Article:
Ever wondered how it would look if a great exegete wrote his own Qur’an translation? There are attempts to construct these hypothetically alongside translations of tafsir, such as this work which contains ‘A Baydawian Rendering’ of the Qur’an in English.
It’s easy to show that translation is a form of tafsir (focused on words). What’s less acknowledged is that it can be a very convenient tool for an exegete (or their translator on their behalf) to capture the meaning they have understood. See:
Scott Lucas (himself a translator of parts of Tabari’s exegesis) argued in 2014 that “the Anglophone world would benefit far more from the partial or complete translation of Qur’anic commentaries than it would from yet another translation of the Qur’an itself.” However, the two can be blended. ‘Pre-determined exegetical translation’ (PET) is a term we can use to describe the process of capturing the detailed explanations of one exegete by adjusting the translation of the Qur’an to fit their stated preferences.
That is the apparent aim of Gibril Fouad Haddad (b. 1960), a Lebanese-born Islamic author and translator now based in Brunei Darussalam, in his work on ‘The Lights of Revelation’ – a pivotal work in traditional Qur’an exegesis. The first volume, containing the first hizb of the Qur’an (i.e. up to 2:74), received a prize at the Sheikh Hamad Award for Translation in 2017. Haddad has expressed his intention to complete the entire work, which would include a full translation of the Qur’an.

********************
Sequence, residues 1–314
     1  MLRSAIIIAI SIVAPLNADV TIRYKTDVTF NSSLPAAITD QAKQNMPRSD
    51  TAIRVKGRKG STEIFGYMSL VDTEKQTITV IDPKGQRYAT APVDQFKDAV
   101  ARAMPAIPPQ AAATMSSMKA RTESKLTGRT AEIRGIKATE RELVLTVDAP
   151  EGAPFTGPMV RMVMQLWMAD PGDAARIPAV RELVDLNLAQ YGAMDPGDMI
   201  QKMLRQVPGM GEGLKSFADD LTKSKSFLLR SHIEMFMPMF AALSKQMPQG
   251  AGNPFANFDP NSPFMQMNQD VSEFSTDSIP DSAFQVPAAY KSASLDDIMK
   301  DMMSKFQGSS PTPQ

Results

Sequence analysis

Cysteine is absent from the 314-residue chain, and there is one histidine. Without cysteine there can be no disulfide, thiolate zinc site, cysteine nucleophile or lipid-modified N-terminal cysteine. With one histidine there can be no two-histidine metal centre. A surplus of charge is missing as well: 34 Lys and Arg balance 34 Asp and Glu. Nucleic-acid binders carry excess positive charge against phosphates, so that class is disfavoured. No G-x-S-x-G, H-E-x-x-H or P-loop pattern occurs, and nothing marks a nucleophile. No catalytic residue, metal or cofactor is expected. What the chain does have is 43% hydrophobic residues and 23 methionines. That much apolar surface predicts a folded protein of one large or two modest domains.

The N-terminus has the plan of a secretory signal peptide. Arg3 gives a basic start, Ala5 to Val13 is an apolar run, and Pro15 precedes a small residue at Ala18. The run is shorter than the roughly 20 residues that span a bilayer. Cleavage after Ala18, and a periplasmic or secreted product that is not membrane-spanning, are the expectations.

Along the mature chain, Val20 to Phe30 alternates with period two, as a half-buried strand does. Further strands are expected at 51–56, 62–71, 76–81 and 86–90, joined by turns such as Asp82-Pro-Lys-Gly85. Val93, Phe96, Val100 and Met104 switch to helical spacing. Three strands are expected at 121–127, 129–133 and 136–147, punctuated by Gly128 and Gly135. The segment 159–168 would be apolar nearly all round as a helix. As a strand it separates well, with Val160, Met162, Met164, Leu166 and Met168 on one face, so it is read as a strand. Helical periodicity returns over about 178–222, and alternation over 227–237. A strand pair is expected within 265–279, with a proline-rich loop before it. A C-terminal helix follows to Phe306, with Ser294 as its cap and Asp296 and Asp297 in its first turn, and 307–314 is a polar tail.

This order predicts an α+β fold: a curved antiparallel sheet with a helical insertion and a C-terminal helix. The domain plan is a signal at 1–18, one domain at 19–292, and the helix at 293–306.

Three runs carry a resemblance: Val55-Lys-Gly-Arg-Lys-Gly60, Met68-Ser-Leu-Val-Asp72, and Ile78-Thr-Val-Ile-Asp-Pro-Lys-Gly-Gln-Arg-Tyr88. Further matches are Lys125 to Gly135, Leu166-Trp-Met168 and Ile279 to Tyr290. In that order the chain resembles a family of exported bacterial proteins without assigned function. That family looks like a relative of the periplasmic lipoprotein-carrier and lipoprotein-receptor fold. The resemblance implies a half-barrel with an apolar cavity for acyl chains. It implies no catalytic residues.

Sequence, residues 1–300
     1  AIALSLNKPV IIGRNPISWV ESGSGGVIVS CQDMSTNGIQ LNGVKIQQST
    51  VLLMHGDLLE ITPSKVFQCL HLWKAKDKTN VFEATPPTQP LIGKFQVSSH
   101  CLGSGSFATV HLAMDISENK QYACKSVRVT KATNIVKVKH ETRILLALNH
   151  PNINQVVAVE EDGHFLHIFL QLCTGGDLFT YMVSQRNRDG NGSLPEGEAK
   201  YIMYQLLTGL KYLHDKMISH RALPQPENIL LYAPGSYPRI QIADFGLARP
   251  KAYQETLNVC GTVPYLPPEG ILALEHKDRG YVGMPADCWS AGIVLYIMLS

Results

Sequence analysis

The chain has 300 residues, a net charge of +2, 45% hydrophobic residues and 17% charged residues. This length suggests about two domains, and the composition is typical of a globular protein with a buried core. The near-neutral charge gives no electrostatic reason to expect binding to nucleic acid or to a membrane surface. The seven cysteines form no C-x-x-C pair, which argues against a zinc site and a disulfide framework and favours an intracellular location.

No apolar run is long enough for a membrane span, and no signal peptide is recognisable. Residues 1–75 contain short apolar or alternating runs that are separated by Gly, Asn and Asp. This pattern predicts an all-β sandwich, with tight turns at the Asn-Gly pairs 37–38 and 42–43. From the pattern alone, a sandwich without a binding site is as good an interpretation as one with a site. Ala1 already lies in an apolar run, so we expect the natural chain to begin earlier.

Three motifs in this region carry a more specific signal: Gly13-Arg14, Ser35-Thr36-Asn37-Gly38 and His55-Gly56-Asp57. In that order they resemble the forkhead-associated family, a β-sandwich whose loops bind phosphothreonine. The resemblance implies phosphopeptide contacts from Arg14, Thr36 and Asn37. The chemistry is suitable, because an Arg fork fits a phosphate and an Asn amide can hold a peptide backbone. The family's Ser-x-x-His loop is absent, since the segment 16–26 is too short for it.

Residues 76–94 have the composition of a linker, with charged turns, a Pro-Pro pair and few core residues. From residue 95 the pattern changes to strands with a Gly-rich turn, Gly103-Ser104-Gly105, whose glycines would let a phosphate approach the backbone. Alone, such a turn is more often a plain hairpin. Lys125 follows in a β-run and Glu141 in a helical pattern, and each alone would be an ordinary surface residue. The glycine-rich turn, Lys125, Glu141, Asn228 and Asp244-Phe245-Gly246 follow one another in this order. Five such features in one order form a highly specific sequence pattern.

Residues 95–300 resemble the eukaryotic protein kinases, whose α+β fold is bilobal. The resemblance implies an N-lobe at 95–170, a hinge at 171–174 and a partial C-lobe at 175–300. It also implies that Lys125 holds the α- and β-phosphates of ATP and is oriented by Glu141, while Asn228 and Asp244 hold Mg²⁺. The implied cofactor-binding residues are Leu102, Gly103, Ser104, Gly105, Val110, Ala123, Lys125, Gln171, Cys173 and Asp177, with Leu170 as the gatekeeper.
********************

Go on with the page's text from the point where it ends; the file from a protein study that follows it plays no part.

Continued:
Haddad does not elaborate on his Qur’an translation methodology, or what makes it ‘Baydawian’. However, he notes his favoured predecessors and problems he finds in other translations. The Qur’an translation has been extracted from the commentary and presented in advance (serving also as contents page). As you can see, occasional phrases were missed out in the process.
There are two fundamental challenges affecting this process. The first is under-determination: Baydawi (like others) did not gloss every word or express every aspect of his understanding of the text. Therefore, we could expect Haddad to explain his own choices. For example, Baydawi discusses at length the origins of the name ‘Allāh’. But what would he think of translating it as “the One God”? If he were looking over Haddad’s shoulder, might he have said “Don’t write it as if it were: al-ilāh al-wāḥid”?
The second challenge is polyvalence. Exegetes commonly accept multiple possible interpretations (hence translations), and don’t always express their favourite. A standard, linear translation would, therefore, fail to capture this diversity/ambiguity.
As more tafsir works are seeing the light in translation, it is a good time for these methodological questions to receive attention, as it is potentially very interesting to see ‘Baydawi’s translation’ and compare with ‘Razi’s’, ‘Tabari’s’, ‘Ibn ‘Ashur’s’, and so on.